It’s January and the media is full of New Year Resolution tropes. How to Manage your Money better. How to Lose Weight. How to Drink Less. (that’s a bit cheeky from a journalist!) A big favourite this year is how to ward off dementia and Alzheimers, which we found in the Daily Mail. Though why their readership might be interested we cannot imagine. And one of the tips we found in there was: keep your brain alive. Challenge it with new things. So dare we, gentle readers, add our own voice, a sort of friendly suggestion, in this general spirit of helpfulness?
If you really want to keep your brain alive, remember that everything you learned fifty years ago is probably wrong, or at least stands in need of serious revision. Let’s take Neanderthals as an example. Fifty years ago they had a terrible press. Nasty, stupid, primitive and utterly without learning in Sciences or the Liberal Arts was how they came across. The very word “Neanderthal” was used as a term of abuse. To describe the supporters of certain football clubs in South East London, for example. Now all this prejudice has been upended, as this article  by Paul Pettitt of The Conversation explains. Alright, there were no galleries, art critics or summer shows. But there was plenty of art for art’s sake, and that’s what really counts. Combine that with the genetic discoveries of the ingenious Dr Paabo and you get the picture of a close relative that was hardly different at all.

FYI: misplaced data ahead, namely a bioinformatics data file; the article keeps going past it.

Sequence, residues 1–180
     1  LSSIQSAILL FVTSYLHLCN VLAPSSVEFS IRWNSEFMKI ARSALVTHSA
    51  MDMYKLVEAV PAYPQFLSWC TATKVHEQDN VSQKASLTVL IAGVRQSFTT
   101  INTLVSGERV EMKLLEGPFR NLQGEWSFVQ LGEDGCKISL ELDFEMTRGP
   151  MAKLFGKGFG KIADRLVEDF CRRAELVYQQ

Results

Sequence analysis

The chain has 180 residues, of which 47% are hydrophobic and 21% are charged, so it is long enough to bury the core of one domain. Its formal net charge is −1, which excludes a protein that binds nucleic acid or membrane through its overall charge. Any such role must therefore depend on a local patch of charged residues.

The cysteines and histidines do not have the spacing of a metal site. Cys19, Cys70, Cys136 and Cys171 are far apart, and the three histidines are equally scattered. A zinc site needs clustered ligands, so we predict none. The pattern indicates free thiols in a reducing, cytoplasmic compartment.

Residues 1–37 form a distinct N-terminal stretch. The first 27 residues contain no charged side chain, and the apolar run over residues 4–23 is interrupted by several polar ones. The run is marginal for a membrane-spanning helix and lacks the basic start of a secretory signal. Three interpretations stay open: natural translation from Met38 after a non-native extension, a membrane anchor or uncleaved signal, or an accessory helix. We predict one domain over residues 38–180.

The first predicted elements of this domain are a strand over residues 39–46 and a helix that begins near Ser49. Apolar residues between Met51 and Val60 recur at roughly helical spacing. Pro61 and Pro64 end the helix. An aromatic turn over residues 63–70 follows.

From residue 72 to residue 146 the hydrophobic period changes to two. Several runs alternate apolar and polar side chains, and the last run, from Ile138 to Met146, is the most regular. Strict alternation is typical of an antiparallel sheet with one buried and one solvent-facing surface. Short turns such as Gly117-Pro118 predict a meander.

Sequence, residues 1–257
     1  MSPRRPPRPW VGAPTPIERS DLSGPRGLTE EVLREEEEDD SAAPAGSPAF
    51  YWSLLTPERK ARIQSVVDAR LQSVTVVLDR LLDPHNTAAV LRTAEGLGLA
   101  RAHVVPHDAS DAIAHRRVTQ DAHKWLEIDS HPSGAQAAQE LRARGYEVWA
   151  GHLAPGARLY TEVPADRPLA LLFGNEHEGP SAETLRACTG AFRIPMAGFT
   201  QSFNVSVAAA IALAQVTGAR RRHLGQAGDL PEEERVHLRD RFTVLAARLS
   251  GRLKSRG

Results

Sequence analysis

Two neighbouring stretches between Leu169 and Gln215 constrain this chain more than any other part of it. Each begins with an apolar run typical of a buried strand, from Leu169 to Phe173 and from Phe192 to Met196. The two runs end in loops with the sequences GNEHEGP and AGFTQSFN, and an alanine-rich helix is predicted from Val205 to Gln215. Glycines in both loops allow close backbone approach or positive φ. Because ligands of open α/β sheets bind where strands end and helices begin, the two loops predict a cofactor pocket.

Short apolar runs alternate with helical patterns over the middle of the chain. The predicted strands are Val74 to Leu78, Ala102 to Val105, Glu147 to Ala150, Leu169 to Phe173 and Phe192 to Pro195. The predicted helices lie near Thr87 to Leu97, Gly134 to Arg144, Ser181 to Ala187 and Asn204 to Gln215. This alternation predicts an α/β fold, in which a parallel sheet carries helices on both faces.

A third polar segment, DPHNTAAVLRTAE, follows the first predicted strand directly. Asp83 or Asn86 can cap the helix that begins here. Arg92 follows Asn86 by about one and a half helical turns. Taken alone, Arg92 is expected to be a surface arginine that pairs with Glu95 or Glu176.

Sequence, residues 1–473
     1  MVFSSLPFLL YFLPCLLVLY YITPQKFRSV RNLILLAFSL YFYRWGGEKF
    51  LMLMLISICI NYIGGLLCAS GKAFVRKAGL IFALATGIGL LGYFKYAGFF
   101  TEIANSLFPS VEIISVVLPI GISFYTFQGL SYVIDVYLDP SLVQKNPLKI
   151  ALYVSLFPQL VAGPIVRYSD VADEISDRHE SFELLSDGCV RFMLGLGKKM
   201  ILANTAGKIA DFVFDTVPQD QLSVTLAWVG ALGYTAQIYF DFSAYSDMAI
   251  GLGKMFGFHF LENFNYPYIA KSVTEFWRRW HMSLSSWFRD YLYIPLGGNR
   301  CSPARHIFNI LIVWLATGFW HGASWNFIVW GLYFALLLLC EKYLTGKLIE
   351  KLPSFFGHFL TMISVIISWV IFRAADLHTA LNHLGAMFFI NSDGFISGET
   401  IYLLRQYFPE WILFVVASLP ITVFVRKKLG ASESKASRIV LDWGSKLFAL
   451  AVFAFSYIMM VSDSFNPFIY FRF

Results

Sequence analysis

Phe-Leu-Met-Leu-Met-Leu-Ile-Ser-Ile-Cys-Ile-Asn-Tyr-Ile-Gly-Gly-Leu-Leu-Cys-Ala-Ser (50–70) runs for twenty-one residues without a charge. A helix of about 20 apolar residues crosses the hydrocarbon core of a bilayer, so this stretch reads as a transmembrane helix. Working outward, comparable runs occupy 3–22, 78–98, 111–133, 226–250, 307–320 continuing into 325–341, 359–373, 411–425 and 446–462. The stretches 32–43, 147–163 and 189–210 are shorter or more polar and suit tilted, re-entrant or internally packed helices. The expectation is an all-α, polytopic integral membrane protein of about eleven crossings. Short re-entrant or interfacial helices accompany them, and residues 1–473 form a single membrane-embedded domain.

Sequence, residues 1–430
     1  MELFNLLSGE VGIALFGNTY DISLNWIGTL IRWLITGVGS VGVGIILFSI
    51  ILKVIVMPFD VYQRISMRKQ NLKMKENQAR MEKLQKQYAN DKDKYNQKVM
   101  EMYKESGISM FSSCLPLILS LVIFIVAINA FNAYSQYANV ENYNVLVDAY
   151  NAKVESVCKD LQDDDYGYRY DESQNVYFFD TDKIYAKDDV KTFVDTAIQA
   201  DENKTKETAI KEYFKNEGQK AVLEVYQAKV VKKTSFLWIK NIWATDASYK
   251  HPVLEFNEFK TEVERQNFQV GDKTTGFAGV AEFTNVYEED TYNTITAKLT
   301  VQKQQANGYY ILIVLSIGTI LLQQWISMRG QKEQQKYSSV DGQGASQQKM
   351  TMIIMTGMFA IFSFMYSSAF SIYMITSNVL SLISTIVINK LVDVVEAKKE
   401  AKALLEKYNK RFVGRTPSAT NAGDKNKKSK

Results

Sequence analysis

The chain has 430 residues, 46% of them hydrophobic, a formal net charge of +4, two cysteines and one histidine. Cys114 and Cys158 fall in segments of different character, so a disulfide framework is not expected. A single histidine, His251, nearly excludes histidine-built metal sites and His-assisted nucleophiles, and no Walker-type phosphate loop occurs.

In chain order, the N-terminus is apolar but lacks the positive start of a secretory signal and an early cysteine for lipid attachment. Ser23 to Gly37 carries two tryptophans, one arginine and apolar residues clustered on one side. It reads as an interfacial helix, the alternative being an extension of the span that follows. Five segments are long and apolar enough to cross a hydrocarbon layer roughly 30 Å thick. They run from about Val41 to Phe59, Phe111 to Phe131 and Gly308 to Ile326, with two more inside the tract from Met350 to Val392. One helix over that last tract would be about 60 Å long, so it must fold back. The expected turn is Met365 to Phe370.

What’s true in Paleontology is probably true for most things: Economics. Information Technology, Medicine, anything really. Take music for example, and look at our link to the UK chart from this day in 1973  Did Little Jimmy Osmond really say the last word in music? Do you still listen to Blockbuster by The Sweet? If so, how often? Do your grandchildren, and great grandchildren, greet Wizzard‘s Ball Park Incident with the same enthusiasm as you do? If you really want to keep those old grey cells alive, start by questioning everything you know. And keep going.
#dementia #alzheimers #neanderthal #art #little jimmy osmond